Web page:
This is no easy task but The Conservancy has been making great strides. By using good science to determine the most important places to save, working with local people to find answers and solve problems, and collaborating with a wide array of partners the Conservancy plans to preserve and protect 10% of all of the natural major habitats left by 2015.
In Colorado we have a goal to protect as much land in the next 5 years as we have protected in the last 40. But it's not just about land. It's about healthy and sustainable rivers and forests and the effects that climate change will have on our environment in Colorado and elsewhere. TNC can't solve these problems alone but, working with others, much can be accomplished.
What keeps you going on days where you feel like you are losing steam? Sometimes you just need to take a day off. Rest, relaxation and outdoor exercise are key. I've been studying tai chi for about a year and half. It touches on all of these things.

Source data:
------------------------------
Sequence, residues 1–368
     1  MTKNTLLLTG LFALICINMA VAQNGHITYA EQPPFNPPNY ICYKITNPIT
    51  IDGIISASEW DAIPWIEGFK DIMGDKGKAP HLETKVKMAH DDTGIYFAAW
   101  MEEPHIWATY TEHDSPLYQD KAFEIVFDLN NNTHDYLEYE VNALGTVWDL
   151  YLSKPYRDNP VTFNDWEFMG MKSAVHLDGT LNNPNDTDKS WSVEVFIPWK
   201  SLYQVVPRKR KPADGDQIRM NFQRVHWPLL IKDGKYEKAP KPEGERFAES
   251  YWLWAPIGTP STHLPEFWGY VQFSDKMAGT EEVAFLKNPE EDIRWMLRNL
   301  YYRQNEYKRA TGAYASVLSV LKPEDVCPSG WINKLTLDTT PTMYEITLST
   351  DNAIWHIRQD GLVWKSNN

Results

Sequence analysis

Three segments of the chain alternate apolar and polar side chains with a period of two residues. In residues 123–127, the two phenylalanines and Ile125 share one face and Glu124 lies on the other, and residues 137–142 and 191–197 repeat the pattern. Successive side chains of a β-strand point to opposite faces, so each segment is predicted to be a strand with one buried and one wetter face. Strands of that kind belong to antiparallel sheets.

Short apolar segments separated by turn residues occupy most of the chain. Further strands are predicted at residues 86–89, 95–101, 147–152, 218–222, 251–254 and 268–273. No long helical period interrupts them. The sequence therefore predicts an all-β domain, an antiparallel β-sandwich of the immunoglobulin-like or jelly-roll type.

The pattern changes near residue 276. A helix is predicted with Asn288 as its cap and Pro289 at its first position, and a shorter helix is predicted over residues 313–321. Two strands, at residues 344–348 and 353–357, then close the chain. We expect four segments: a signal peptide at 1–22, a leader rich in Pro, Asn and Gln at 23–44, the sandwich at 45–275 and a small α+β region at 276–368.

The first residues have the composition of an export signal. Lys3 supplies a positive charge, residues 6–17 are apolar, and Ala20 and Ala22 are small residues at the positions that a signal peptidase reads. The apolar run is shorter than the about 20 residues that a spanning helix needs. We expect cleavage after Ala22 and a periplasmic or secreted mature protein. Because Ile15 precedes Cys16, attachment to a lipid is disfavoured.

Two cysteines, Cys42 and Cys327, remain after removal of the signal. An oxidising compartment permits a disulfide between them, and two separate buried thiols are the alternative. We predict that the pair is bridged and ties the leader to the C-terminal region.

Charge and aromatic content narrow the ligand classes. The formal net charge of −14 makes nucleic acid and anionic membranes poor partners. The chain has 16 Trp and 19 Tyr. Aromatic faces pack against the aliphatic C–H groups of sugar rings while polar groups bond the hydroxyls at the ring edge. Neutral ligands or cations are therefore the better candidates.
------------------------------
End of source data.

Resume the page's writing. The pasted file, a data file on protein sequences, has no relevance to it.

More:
Mrs. Loo, I have found out you are quite the accomplished musician. You play a number of instruments, and you have several successful recordings out. Which instrument is your favorite? I play the piano, French horn and (kind of) the ukulele. I like the piano the best because it's the most versatile and I play it the best. I also have made two recordings of music I have composed.
You travel often, what is your favorite vacation spot? I have lots of favorites - I've rarely been a place I didn't like. I especially like Santa Fe, Hawaii and Montana where my family lives - after Colorado, of course.